Proper matching of output to input.


#1

What is typical of proper matching of components . As the output imp of the Pwd to the input imp of an amp . For me it’s about my. active cross over that is in between the Pwd to active CO and then the amps. All balanced . Can some one explain a typical good Mach as apposed to a bad one. Now I am asking for system synergy as with the correct sound levels , just imp matching.



Thanks in advance.



Al


#2

To sum it up, the output impedance of the source component should be lower than or equal to the input impedance of the next device in line. If you are all balanced then you should match already and have no further worries.


#3
wglenn said: the output impedance of the source component should be lower than or equal to the

[INPUT_IMPEDANCE / 100] of the next device in line ...

#4

So it’s just like speakers and headphones. The output must be = or lower then the divice connected to it.



Thanks



Al


#5

This is a complicated subject. It depends on what the goal is (for example, if you want maximum power transfer you want the impedances to match) and the nature of the connected equipment. Typically, in home audio were signal voltage variations are most important - not transferring power, we want the output impedance to be as low as possible



Here is a nice article that will get you going: http://www.soundonsound.com/sos/jan03/articles/impedanceworkshop.asp


#6

blockquote>valer_valer said: [INPUT_IMPEDANCE / 100] of the next device in line …



Yes if you need to bridge the source and the load this would be plenty. Most devices (I hope) would have enough voltage capability to handle a lower ratio in a single ended hookup situation. Using the low Z inputs this would all be matched, assuming that the devices are built to conventional standards.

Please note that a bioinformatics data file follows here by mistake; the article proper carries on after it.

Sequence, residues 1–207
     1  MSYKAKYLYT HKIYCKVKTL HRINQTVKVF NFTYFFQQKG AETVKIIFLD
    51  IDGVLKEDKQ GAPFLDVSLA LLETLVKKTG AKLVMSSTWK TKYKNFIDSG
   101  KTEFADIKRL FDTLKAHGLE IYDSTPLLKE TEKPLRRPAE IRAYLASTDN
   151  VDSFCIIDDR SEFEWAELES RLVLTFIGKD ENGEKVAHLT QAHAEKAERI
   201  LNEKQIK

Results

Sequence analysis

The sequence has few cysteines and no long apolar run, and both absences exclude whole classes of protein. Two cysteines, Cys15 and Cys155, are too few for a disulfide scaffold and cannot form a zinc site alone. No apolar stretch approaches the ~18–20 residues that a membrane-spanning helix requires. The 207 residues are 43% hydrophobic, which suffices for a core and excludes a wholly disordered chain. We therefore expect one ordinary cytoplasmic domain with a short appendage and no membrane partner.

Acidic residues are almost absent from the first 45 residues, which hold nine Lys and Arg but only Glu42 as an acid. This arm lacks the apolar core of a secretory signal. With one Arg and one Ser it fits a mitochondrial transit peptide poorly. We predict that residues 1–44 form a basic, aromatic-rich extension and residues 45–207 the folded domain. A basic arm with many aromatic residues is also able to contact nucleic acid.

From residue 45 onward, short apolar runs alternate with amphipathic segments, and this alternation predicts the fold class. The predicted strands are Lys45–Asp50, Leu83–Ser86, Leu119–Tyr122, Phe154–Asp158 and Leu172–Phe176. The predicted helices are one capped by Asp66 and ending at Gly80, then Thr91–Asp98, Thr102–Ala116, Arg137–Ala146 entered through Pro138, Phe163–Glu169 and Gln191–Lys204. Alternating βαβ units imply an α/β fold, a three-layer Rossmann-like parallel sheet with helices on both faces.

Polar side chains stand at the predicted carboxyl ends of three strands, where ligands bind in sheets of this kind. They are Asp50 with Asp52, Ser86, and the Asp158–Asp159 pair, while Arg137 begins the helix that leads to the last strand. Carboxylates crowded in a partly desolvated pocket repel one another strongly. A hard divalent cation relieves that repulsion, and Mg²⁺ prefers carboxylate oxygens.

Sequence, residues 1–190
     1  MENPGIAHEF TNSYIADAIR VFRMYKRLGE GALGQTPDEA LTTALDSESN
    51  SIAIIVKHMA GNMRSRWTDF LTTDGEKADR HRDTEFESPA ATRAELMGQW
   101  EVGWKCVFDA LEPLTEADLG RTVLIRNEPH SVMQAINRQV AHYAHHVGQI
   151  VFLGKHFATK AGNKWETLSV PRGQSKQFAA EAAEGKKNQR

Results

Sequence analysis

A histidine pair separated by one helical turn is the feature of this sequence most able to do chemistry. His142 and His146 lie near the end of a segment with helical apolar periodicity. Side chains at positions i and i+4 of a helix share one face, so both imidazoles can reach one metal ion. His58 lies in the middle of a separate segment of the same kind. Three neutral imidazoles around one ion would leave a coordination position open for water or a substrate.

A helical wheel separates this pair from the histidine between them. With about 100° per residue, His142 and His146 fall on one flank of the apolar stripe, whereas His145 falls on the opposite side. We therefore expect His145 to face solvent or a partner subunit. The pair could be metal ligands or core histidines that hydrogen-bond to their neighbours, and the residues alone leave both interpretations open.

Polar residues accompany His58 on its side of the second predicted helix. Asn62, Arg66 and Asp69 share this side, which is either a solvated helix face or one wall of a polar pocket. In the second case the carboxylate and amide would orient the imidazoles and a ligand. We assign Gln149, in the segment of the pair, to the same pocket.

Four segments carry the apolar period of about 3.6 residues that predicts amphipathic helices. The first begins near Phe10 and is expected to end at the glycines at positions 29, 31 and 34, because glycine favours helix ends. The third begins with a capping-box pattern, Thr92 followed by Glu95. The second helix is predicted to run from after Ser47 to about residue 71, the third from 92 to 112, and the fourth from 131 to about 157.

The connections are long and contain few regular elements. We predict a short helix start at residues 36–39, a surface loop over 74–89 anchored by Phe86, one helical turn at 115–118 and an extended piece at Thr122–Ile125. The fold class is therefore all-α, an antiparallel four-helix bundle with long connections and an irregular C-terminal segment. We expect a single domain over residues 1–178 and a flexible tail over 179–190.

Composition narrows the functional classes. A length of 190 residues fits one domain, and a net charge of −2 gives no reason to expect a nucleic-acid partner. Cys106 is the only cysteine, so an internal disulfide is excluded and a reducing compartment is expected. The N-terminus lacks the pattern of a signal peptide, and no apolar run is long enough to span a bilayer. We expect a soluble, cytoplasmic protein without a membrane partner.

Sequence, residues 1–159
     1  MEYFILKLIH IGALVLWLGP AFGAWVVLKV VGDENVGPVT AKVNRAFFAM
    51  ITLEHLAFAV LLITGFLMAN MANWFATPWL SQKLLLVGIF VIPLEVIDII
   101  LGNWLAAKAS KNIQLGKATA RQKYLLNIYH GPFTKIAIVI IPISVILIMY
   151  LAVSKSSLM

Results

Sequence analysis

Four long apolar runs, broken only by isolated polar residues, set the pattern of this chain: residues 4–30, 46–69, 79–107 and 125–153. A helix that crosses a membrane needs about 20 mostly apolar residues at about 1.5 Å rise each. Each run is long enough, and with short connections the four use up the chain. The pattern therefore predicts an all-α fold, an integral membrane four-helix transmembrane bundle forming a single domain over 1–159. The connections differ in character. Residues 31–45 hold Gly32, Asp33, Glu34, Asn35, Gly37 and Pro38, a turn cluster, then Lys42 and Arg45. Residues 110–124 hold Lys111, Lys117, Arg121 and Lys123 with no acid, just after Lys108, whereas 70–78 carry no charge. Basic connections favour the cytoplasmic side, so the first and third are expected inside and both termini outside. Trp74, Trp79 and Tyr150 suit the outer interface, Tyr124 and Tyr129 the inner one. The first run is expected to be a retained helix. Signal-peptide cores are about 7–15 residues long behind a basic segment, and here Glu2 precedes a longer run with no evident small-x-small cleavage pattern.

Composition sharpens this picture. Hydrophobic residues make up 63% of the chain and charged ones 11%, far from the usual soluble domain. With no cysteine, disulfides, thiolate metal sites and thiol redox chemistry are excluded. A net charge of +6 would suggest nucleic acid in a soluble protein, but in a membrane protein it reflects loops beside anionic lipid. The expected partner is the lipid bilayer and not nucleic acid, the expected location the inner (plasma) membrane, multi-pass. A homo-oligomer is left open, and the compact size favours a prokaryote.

alrainbow said: So it’s just like speakers and headphones. The output must be = or lower then

the divice connected to it.





Sorta kinda. The final connection should be as closely matched as possible if the power amp has an output transformer or is otherwise impedance sensitive. A speaker impedance below the amp’s rating may draw a very large amount of current at driver resonant frequencies in the low octaves potentially causing damage. The difference lies in what is being transferred. At line levels it is the voltage which matters, at speaker level it is current. Impedance ratios used in the speaker end of things are, for most amps, determined largely by the impedance of the speaker which is generally in the 2-8 Ohm range for home audio. Higher speaker impedances would result in a safe operating range for the amp but little power transfer = wimpy sound, and impractical to say the least.

Elk beat me to it! :))

#7

Ok i undserstand . And thanks for article elk

And now my next post is about resolution ?

Al


#8

Great reading thAnks elk. I will have to read it a couple of times , it is interesting that even the cables Ina balanced system has it’s own imp and this too matters.



Al


#9

Yes, a properly designed and well implemented fully balanced system is a magical thing.


#10

Large input impedance is not necessarily a good thing. Output and cable capacitance may become a problem. I never tried it myself as I use PWD volume regulator, but I trust a source that claimed that using a pot less than 600Ohm in a passive volume regulator and as low as 60Ohm! provides significant SQ improvement over 24kOhm pot, even though the output stage was not designed for such low load.